Camp Glenwood Comments and Poems

My first visit to the Camp Glenwood detention center to teach haiku poetry was on 21 March 2002 (I had a second visit on 27 September 2002). After the first visit, one of the staff members sent me the following comments and poems from the students. These are all the comments and poems I received, as typed up by the staff member, with no edits (I believe that person added the capitalization of the first line of each poem, or perhaps that was a result of the autocorrect feature in Microsoft Word; however, in most cases the poems were not originally written that way). See my “Camp Glenwood” haibun.


  • “At first I could not understand it, but at last it was cool. I think the poems were about the way you feel and you understand it.”
  • “It was a fun activity and now all I do is make up little haikus whenever I have the time.”
  • “I am glad he came because it introduced me to a new kind of poetry.”
  • “I really enjoyed it and I also started to try writing haiku poems myself.”
  • “I learned a more simple way of writing a poem.”
  • “The best thing I liked was how the poems explained your mind.”
  • “The poems that he is famous for are so simple, but yet complex at the same time.”
  • “I learned that only a few simple words can express one’s deep internal feelings or just emotions that need to be expressed.”
  • “. . . it was that there are no limits. I can write about anything I want.”
  • “I can express myself in three lines. I never knew how to do that before.”
  • “Now when I sit outside and look around, everything is different though my eyes and ears . . . one day I’m going to look back at all the things I did as a kid and thanks to you I will see things differently and not as bad, but in a good way.”
“A man who taught us
The joys of



Sitting by a tree

Feeling all alone

All alone



No matter

Where I am at

Food smells good



Doing time


Is still ticking



I smell the ocean breeze

Allergies are kickin’ in

So I must sneeze



Tall trees in rows

Like soldiers

Ready to fly to war



A far distance away

And a close site nearby

Shocked me to believe it was right here



Every meal

I know what we are having

Right before I step into the dining room.



People walking

Big heads

No mind



Sunny days

Hot weather

Sweating underneath my sweater



A picture

A puzzle put together

Is nothing but the broken past



The grass


So when is it enough?



With the time

I know

That I have to have friends



Sunshine and wind

Voices, birds whistling

Leaves crinkling



I send a letter

I am still waiting


Not knowing if it’s going to come back

a good letter.



People stink

They don’t know

Old fish



No matter

Where I am

Food smells good



Voices coming from a different mouth

I don’t know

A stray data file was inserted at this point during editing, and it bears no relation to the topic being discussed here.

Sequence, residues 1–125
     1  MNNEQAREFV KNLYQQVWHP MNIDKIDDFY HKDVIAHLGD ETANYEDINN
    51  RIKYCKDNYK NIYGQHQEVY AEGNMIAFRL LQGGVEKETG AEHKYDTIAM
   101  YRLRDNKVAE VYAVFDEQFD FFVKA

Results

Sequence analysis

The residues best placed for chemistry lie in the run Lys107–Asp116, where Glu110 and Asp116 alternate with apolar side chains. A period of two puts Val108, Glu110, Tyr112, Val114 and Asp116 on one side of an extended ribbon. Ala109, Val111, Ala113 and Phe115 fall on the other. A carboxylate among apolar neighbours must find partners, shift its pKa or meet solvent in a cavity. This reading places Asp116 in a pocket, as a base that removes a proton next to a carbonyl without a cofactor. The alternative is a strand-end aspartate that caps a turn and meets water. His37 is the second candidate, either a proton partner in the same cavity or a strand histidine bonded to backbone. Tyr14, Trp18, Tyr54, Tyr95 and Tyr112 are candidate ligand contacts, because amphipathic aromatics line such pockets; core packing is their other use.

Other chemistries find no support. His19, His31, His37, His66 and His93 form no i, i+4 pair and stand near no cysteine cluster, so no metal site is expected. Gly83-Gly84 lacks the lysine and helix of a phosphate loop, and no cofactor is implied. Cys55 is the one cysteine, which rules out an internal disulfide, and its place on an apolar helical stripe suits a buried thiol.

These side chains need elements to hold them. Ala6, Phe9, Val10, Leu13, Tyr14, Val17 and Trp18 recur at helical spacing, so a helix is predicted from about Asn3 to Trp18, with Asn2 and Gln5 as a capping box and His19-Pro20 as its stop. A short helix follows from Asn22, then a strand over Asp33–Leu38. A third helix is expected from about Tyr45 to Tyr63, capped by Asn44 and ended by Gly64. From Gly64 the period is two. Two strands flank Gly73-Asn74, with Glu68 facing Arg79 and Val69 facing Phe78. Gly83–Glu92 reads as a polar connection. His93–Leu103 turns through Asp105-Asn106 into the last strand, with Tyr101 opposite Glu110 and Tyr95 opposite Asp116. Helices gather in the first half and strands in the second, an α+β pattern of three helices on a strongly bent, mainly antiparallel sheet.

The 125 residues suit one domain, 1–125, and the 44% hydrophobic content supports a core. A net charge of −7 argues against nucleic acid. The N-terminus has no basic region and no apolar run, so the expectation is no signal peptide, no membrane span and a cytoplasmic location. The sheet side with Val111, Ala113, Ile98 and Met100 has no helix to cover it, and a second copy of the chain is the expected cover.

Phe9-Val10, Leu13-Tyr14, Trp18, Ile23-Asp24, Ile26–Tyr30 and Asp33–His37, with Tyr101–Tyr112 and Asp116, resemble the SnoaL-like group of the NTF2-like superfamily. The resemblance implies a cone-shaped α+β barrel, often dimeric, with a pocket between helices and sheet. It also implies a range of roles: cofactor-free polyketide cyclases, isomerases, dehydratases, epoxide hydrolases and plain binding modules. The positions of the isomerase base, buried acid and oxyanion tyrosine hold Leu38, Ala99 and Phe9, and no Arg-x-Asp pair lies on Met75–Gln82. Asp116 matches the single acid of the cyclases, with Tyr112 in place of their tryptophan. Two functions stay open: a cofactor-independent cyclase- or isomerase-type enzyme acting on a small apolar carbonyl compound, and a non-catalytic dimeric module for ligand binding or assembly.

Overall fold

What they are talking about



I feel warm from the sun

Yet the breeze cools me

Dusty table



Summer tree

Summer sun

Summer glare

More Poems

On 27 September 2002, on my second visit to Camp Glenwood to teach haiku, Kate Riviera gave me a copy of Broken Silence Poetry, a spiral-bound collection of poems written in the previous school year, during which I was a guest teacher on 21 March 2002. The book included most or all of the preceding poems, attributed to each author by first name only, but also the following additions—all haiku and two five-line poems that may be tanka. I’ve retained one typo (“shinning” should be “shining”) but have omitted author names.

This was not a good day
The yelling started right away
Her lip started to bleed

Being locked away
The Easter Day
Just another day

A guy in and orange shirt
Doing his work

I am on my feet running
Under trees
Not looking for the sun to hit me

The sun shinning bright
On the lonely blue flower
Sputter of lawn mower

Relief, happiness
The feeling of freedom

A moment
In the grass
Crisp cool ar

I look up to the sky
A cloud floats by
I see a tear fall out of it

A trail of ants
Moving on the log
They are free

Under a blue bowl
And weird shapes

The happiness from my face
Turns around in disgrace

I smell the grass in the ground
I taste the trees around me
I touch the wood; it is not that hot
Whistle birds on top of the trees
I see the sun in the sky

If time were to turn
The other way
Would it be enough?

I smell fresh air
Green grass everywhere

The taste is bitter
But it is good
For your health

Wind in her hair
Her tail wagging

Warmness and freshness
I sit in the roughness
Of a woody bench

I hear the train
Will it come
It is gone

Crackles in the leaves
Silence in the air

When I walk in the garden
It is green with red roses
I remember the smell of my girl, Joanna

It is silver
The end of your life

Back to Camp Glenwood haibun.